Making good on Baylor Med’s bad bet

27937 The Chronicleís Todd Ackerman and Loren Steffy did a good job in this weekend article of chronicling the series of bad bets that Baylor College of Medicineís Board of Trusteeís made in the wake of the schoolís unfortunate 2004 divorce from The Methodist Hospital. Baylor Medís travails have been a regular topic on this blog, most recently here.

The elephant in the parlor of Baylor’ Medís financial problems is the $600 million in bond debt that Baylor Med incurred in connection with its currently mothballed hospital project. Indeed, the difference between the total bond debt and the value of the underlying collateral would gobble up a large chunk of Baylorís endowment, which is currently a tad under a billion dollars. That was enough to scare off Rice University, although I question whether that was the right long-term decision for Rice.

So, the future is bit cloudy for Baylor. But what Iím wondering is whether there is a local partnership that could bail Baylor out of most of current problems while providing an essential benefit for the Houston community?

The last time I look into the issue, estimates in the Houston metro area has one of the largest percentages of uninsured residents in the U.S. (over 30% versus a national average of about 16%). The Harris County Hospital District ultimately ends up with the issues involved with financing indigent care as well as ensuring that adequate medical facilities exist for local citizens.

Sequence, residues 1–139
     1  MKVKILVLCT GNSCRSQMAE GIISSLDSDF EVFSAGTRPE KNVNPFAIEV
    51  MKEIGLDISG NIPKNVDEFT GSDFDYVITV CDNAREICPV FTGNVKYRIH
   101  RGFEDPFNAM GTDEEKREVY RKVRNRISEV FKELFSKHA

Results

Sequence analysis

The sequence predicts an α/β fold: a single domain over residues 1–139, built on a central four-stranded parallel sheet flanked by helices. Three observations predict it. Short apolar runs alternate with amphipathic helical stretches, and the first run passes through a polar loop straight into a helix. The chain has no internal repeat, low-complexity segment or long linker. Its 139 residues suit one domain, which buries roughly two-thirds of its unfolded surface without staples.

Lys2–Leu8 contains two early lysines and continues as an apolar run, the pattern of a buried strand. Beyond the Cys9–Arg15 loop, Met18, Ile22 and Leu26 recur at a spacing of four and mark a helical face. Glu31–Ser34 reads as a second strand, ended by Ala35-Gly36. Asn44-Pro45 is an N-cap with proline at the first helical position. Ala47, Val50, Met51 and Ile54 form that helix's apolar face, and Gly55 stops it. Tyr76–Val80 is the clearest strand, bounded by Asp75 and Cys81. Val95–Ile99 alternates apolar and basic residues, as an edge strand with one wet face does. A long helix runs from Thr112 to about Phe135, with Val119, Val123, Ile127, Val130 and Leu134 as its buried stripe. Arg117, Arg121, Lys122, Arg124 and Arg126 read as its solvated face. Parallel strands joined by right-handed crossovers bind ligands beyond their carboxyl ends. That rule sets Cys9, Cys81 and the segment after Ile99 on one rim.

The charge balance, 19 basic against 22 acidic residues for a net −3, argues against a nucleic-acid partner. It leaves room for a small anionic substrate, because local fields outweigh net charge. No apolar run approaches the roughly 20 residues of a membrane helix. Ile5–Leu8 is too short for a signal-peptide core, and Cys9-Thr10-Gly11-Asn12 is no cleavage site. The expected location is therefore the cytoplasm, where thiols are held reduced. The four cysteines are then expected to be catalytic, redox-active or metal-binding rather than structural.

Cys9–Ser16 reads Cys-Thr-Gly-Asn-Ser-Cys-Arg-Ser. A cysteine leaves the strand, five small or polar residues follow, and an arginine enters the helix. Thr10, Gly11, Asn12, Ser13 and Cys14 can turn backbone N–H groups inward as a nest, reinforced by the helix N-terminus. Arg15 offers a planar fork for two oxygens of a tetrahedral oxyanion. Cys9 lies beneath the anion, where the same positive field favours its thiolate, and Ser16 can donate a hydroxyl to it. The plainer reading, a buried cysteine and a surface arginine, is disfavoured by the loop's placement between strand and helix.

Given the HCHDís projected need for facilities to keep up with the growth of the Houston area, it makes sense for the HCHD to engage Baylor in discussions over a partnership in which HCHD would make an investment in the hospital in return for Baylorís agreement to staff the institution as its primary teaching facility.

Baylor and the HCHD already work closely in connection with the staffing of the Ben Taub Hospital trauma unit in the Texas Medical Center. A pure teaching hospital for Baylor would provide a quasi-public, low-cost alternative to the Med Centerís impressive but expensive array of private hospitals.

Sure, the details would have to be worked out, such as management of the facility. But doesnít such an investment by the county make sense, particularly when compared to ones such as this?

2 thoughts on “Making good on Baylor Med’s bad bet

  1. having trained at baylor, i believe they have all the hchd exposure that makes sense. an excellent partner for baylor? why, methodist, of course.
    at a tough time in medical finance history, the two made a mistake that can be corrected by re-marrying–they will not be the first grownups to do so with great success.

  2. Dr. Tom, that would be the optimal solution. However, I remain unconvinced that Baylor and Methodist can ever resolve the staffing problems that were a big part of the divorce.
    If Baylor cannot assure that its faculty members will be heads of their respective departments at its teaching hospital, then Baylor is going to be at a disadvantage in recruiting top-notch faculty members.

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